When I open the software center and click download on an OS update, it gives the error
Unable to download updates: The following packages have unmet dependencies:
and the rest of the message doesn’t display. When I open a terminal and log in as root, I can run
apt update && apt upgrade and I don’t see any serious issues. It does say one package,
lightdm can be upgraded, but then keeps the upgrade back. i’m assuming this is no big deal.
And probably the OS update is no big deal I would guess, but just in case I wanted to see if I need to do anything about this. Even after updating from the terminal the software center still reports that an OS update is available.
[Note: apologies if this has been reported elsewhere. Some other topics look a little similar to this, but often talk about details I don’t fully understand so I’m not sure if their issues are the same as this.]
Sometimes packages get held back like in your case. In general, this is not a big deal as you say. You may chose to update (with the usual apt update command) and then do a full upgrade with a apt full-upgrade which bring all your packages up to date and should stop the warnings you’re seeing. If the warnings don’t stop, please report back here with any messages the machine is displaying.
I run into the same as addem with the following error:
gusnan@pureos:~ > LC_ALL=C sudo apt upgrade lightdm
Reading package lists... Done
Building dependency tree
Reading state information... Done
Calculating upgrade... Done
Some packages could not be installed. This may mean that you have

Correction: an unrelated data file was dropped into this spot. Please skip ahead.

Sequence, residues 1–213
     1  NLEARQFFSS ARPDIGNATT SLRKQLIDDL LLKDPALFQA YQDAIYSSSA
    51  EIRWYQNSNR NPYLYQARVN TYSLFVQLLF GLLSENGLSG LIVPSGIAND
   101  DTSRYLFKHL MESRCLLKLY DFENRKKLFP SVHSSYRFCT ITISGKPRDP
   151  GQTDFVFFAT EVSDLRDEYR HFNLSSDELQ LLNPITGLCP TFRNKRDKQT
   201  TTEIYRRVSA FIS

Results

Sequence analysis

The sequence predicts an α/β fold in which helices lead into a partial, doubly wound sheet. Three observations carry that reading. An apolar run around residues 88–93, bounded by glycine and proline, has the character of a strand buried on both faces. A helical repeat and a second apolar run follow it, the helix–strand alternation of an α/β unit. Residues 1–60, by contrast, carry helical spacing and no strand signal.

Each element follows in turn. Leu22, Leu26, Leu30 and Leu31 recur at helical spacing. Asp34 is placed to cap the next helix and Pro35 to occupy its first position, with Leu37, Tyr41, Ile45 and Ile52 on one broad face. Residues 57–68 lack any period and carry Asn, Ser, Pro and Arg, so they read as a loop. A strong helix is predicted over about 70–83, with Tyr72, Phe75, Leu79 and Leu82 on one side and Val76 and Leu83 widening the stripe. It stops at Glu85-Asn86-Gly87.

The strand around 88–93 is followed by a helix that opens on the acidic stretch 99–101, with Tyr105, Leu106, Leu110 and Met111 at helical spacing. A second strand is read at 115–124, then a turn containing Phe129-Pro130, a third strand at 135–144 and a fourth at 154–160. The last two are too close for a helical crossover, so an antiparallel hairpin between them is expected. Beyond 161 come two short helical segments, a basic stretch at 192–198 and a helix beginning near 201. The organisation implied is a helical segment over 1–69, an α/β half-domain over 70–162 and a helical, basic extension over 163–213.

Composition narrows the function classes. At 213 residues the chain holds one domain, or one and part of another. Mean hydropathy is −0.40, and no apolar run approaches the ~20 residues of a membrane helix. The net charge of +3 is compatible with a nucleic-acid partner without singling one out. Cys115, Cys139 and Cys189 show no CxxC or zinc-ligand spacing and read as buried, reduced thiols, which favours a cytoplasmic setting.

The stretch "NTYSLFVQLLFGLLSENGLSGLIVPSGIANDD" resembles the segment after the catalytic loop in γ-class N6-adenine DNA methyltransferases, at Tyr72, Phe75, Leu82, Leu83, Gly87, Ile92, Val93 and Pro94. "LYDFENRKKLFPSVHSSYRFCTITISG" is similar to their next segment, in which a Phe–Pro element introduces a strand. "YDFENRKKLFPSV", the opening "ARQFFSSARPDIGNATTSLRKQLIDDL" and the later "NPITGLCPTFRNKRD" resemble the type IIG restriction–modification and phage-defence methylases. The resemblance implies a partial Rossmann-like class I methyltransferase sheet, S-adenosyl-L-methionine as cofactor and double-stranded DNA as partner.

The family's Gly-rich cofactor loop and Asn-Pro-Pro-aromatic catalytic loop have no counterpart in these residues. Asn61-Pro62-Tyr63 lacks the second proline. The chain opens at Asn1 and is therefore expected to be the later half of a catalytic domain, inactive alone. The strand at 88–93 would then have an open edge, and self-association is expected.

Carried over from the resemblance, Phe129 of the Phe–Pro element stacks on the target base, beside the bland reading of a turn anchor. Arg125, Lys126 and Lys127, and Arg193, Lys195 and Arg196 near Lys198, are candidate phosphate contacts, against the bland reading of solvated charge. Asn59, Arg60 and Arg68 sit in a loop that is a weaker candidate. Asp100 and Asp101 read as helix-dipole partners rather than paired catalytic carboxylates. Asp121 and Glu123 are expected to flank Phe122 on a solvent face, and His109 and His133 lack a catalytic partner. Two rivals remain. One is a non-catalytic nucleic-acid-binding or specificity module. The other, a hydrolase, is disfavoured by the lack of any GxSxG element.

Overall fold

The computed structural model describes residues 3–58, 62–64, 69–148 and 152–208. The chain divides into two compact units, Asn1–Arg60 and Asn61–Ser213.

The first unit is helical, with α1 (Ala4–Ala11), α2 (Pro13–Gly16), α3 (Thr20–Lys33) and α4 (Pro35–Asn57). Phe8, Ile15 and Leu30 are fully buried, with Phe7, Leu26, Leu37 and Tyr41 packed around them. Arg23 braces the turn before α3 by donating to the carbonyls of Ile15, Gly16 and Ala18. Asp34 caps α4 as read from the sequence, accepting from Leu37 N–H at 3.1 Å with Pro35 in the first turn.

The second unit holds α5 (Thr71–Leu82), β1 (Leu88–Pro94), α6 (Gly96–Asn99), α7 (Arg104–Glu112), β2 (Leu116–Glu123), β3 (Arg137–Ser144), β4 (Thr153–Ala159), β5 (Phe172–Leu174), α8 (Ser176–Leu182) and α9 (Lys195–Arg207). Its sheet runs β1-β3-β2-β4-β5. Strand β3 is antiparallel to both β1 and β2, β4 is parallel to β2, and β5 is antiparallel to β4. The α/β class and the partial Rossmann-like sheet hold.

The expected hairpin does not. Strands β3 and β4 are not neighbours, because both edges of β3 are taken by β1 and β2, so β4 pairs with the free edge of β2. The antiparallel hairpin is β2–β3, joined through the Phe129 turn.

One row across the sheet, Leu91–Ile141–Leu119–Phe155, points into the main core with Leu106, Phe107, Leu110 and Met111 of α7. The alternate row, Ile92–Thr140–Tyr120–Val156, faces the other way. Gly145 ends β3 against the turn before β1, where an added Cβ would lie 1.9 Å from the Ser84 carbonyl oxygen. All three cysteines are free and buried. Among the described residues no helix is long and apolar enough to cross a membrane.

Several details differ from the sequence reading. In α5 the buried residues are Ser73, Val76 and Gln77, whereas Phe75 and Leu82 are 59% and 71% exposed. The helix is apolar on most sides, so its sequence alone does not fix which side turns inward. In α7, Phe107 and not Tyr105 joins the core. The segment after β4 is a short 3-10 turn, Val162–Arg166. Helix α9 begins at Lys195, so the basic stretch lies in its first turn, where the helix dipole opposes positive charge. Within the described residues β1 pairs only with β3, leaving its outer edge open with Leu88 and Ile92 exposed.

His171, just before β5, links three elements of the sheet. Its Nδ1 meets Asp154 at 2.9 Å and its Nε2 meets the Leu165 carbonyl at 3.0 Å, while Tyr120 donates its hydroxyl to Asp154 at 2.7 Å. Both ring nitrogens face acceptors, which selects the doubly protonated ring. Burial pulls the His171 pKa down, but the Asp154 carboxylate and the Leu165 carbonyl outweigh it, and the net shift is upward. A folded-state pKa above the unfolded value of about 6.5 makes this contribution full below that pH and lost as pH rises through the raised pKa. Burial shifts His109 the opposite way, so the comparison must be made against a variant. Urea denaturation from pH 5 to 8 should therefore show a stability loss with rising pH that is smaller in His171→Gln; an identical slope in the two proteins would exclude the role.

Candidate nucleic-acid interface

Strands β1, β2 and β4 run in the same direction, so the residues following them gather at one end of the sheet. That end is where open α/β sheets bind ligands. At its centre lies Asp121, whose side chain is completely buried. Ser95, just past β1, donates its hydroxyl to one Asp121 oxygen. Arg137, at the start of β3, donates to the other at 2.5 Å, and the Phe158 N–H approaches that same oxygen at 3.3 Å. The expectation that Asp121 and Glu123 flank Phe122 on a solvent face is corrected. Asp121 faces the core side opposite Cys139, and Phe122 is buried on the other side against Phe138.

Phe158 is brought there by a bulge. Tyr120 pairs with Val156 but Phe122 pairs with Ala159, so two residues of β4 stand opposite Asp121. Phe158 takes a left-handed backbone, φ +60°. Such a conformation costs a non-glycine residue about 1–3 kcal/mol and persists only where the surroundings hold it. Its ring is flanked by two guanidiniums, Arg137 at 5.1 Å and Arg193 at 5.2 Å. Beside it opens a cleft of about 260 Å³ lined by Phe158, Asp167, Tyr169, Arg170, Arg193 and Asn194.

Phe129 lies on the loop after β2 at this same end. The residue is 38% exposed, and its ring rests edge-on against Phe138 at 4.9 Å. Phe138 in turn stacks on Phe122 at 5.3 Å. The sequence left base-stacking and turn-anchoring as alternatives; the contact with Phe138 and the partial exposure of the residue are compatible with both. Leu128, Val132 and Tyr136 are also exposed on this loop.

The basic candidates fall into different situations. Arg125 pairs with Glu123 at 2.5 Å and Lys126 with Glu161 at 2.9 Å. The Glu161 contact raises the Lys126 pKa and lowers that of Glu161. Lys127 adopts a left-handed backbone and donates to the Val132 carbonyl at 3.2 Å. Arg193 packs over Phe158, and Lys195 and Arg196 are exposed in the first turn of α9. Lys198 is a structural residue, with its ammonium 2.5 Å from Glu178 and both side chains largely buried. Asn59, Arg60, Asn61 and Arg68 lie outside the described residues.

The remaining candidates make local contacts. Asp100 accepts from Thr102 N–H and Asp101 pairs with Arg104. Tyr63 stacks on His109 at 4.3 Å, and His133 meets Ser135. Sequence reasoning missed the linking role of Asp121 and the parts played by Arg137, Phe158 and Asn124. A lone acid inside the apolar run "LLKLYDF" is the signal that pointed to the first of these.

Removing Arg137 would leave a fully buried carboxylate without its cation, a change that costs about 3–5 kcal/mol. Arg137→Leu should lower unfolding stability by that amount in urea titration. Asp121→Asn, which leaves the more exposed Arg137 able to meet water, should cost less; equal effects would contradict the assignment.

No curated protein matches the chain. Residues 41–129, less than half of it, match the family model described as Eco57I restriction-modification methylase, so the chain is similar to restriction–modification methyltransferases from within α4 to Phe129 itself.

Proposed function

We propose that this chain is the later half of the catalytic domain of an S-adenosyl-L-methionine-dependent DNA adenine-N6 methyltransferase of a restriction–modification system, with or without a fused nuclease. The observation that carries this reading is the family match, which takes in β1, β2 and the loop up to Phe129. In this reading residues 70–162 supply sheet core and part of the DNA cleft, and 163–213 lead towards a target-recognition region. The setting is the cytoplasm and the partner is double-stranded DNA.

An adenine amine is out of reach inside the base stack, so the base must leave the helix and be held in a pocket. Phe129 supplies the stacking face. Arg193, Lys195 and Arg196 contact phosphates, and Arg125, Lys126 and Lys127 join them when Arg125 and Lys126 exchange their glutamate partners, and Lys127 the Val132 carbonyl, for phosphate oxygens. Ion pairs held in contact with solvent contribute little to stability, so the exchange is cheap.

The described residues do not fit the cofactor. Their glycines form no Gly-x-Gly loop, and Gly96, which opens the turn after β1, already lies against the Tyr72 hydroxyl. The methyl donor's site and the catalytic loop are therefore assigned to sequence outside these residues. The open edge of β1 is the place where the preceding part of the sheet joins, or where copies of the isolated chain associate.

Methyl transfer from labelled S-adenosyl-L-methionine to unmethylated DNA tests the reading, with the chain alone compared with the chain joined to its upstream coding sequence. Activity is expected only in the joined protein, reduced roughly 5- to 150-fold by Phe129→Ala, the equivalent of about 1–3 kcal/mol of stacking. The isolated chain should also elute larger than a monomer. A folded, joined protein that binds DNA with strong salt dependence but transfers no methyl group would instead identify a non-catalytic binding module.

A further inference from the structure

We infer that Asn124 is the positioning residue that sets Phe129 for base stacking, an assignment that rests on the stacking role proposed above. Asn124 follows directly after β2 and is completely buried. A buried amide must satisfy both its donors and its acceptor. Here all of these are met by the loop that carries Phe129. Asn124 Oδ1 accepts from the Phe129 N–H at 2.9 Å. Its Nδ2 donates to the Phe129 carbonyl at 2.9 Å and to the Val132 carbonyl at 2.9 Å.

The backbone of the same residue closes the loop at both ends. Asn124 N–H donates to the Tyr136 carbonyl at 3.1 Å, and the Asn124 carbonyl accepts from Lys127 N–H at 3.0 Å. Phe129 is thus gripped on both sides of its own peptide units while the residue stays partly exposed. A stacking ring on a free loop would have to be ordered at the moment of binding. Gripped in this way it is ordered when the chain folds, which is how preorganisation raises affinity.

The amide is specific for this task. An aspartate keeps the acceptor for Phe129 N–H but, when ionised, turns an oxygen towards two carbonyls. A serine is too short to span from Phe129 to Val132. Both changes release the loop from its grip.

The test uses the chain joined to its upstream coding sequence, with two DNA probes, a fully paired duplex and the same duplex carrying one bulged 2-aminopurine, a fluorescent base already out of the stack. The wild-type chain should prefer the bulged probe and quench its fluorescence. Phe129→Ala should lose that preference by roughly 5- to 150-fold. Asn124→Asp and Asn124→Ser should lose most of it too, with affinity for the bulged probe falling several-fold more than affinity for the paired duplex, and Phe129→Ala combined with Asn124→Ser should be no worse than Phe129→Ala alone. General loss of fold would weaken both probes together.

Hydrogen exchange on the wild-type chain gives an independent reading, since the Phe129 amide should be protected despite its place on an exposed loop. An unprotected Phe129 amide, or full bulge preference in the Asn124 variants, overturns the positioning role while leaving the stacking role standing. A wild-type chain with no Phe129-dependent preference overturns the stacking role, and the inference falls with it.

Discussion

requested an impossible situation or if you are using the unstable
distribution that some required packages have not yet been created
or been moved out of Incoming.
The following information may help to resolve the situation:
The following packages have unmet dependencies:
lightdm : Depends: logind or
consolekit but it is not installable
E: Broken packages
a apt full-upgrade simply says that lightdm has been held back.
apt full-upgrade as root nothing changes. A further command to
apt full-upgrade still attempts to upgrade
lightdm and holds it back. When opening the software center, it still reports that an OS update is available, but when trying to download it, the same error message as above appears.
You already know a little about what is holding things up. When I have had similar situations, however, I have “pretended” to force an install with -s:
apt-get install -s <pkg>
I then start working down the dependency tree. I can usually find out exactly what versions are needed, etc. As you have found, there is usually some package that has not been updated in green (PureOS), but it helps to have the version numbers too.
sudo apt install -s lightdm which returned
The following packages have unmet dependencies: lightdm : Depends: logind or consolekit but it is not installable
sudo apt install logind it returns
The following packages have unmet dependencies: libpam-elogind : Depends: elogind (= 239.3+20190131-1+debian1) but it is not going to be installed
sudo apt install elogind it goes through an attempt to install but eventually hits a line:
systemd is the active init system, please switch to another before removing systemd. dpkg: error processing package systemd (--remove): installed systemd package pre-removal script subprocess returned error exit status 1 Errors were encountered while processing: systemd E: Sub-process /usr/bin/dpkg returned an error code (1)